What to do if You are Pulled Over for DUI in Illinois

Many law enforcement agencies and special interest groups have promoted the idea that drinking and driving is not legal. Nothing could be further from the truth. It is not illegal to drink and drive in the State of Illinois as it is in Hungary or the Czech Republic. We are not a zero tolerance state. Many people do have wine, beer or mixed drinks with dinner and then drive home under the legal limit of .08 and within the bounds of the law. The fact that you are within the bounds of the law will not stop some overzealous Police officers from pulling you over after enjoying a dinner with family and friends.

If you are pulled over on suspicion of DUI in Illinois, it is understandable that you might feel nervous, shaken, and flustered. However, it is important to remember that your words and conduct during these interactions with the police are critical. Not only could your actions help you avoid an arrest, but they may actually help you fight your DUI case if you are charged. Hiring an experienced Illinois DUI defense lawyer is essential to obtaining a favorable outcome. However, the strength of your defense will also depend in part on remembering the following tips for what to do when pulled over for drunk driving.

DO Safely Pull Over Your Vehicle

As soon as you see lights flashing or hear sirens, calmly pull over to the side of the road in a safe spot. Avoid erratic maneuvers or disrupting traffic around you, which could raise the suspicions of the officers. Plus, you could be charged with an additional traffic violation.

DO NOT Make Incriminating Statements

Other than offering your driver’s license, registration, and basic identifying information, never volunteer any other statements in response to questioning from an officer. When asked about where you were, what you were doing, or where you are going, the best response is to state: “Officer, I was advised to not answer any questions.” Your responses to these questions may incriminate you, so it is wise to avoid replying. The officer will not be happy with your response and will attempt to apply psychological pressure to you in order to get you to talk. This pressure can be the threat of arrest or actual arrest. Do not give in to these tactics. If an officer arrests you and does not have proof of his hunches, the case will be thrown out of Court.

DO Remain Calm and Do Not perform Field Sobriety Tests

An officer will presume that you were drinking simply by your level of anxiety, providing probable cause and further investigation by police. Keep control over your nerves and do your best to hand over documents calmly. Field sobriety tests are a battery of tests that MAY yield a probability that you are under the influence of alcohol. Although they are governed by strict government regulations on how they are to be performed, officers rarely perform they to the NTSHA standards that are required. If the tests are not done properly, they will yield an improper result. Factors like injuries, lighting, weather conditions, or even your weight and body type can significantly affect the test result. Officers frequently ignore these factors and make the arrest regardless of how the individual performs.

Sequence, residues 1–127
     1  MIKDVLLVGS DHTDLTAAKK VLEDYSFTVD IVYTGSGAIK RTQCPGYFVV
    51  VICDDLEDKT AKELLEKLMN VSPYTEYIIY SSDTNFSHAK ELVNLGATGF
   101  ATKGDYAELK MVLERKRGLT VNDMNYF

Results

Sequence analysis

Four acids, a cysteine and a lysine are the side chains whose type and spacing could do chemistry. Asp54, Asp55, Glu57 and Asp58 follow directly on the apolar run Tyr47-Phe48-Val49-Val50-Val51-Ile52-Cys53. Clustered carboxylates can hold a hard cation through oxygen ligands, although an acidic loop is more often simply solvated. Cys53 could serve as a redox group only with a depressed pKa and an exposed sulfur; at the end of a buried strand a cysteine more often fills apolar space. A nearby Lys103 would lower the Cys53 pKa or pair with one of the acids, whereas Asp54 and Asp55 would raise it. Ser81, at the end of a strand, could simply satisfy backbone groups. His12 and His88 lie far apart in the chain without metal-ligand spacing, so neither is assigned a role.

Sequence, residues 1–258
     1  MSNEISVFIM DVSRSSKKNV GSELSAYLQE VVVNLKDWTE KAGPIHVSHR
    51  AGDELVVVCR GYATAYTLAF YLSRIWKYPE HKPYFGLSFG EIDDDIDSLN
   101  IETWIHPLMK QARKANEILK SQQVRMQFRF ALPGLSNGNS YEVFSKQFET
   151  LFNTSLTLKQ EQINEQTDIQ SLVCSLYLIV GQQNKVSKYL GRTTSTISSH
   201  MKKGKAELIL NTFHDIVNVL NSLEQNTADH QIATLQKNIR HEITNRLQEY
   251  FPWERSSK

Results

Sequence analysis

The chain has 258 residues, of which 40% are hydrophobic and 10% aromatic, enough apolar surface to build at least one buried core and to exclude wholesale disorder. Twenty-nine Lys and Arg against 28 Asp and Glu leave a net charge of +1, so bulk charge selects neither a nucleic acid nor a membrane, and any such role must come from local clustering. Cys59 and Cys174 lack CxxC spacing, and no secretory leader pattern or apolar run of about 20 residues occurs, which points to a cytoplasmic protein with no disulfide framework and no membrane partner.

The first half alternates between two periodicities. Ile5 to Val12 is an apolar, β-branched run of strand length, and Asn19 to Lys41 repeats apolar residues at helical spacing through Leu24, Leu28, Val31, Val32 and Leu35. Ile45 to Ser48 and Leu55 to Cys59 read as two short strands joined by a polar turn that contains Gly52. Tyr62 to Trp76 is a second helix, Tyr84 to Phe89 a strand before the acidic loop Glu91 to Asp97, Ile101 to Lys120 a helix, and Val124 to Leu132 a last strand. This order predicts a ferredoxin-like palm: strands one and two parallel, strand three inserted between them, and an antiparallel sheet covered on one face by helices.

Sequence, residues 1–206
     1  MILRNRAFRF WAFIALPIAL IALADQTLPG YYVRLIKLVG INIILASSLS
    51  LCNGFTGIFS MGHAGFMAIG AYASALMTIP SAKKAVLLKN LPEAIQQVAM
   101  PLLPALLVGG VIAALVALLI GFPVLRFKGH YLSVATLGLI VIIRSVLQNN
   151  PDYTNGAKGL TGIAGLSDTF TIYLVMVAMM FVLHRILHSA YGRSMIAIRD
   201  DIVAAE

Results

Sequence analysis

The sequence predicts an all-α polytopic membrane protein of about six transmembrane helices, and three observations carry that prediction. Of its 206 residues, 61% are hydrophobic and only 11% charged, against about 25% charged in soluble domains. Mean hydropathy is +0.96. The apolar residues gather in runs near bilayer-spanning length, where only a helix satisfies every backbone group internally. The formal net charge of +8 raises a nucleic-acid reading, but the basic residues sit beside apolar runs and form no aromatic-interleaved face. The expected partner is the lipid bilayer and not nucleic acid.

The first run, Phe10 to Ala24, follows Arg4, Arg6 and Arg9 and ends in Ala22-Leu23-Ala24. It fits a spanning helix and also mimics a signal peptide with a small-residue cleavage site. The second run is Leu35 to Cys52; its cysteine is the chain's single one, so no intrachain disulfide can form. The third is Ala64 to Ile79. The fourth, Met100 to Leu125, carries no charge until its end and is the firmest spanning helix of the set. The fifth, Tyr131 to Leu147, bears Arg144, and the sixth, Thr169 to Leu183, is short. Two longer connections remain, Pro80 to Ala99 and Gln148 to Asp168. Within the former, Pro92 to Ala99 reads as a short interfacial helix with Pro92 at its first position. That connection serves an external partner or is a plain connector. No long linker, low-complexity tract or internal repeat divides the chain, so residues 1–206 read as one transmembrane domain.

DO NOT Submit to a Breathalyzer Test at the Scene

Many motorists assume that they must submit to a breathalyzer test when they are pulled over for DUI. However, this preliminary, informal test is not mandatory. In fact, the State legislature specifically wrote your right to refuse these tests into the state statue. The portable devices police use in the field are notoriously inaccurate, and the results cannot be used in court. They are subject to heat, cold, humidity and alcohol carry over from the person who may have blown into the machine before you. You may be a .05, but if the person before you blew into the machine and was also a .05, that alcohol can carry over into the next blow and the machines reading for you could be significantly higher. However, they should not be confused with the comprehensive blood, breath, or urine tests administered at the police station. These tests, provided under controlled circumstances, may be conclusive proof of your blood alcohol content (BAC) for a Court of law. These machines are self-calibrated by a computer and rarely have human hands touch or check on them for accuracy. The state police assume that the computers are correct and the sample it is testing is valid. There have been incidents where both of these are not true and the machine gave a reading that was simply not accurate and did not conform to the dictates of the law. You also have the right to refuse this test.

DO be Polite and Courteous

Even if you are angry or frustrated, this is not the time to vent. Be civil to the officers who pull you over for DUI. You risk making things worse if you become argumentative or disrespectful.

Consult with an Illinois DUI Defense Lawyer About Your Options

Even if you fail to follow some of these tips on what to do if you are pulled over for DUI, an arrest does not equal a conviction for DUI. A prosecutor must prove the essential facts to prove that you are guilty beyond a reasonable doubt. Plus, you do have options for presenting evidence in your defense. When you consider the harsh penalties of a conviction for drunk driving, you can see the importance of hiring an attorney with in-depth knowledge and experience in these types of cases.

For more information on how to defend against drunk driving charges, please contact Glasgow & Olsson at 847-577-8700. Our skilled lawyers are nationally recognized experts and published authors in the field of DUI law and happy to answer your questions and help develop a strategy to fight for your rights.

(image courtesy of Matt Popovich)

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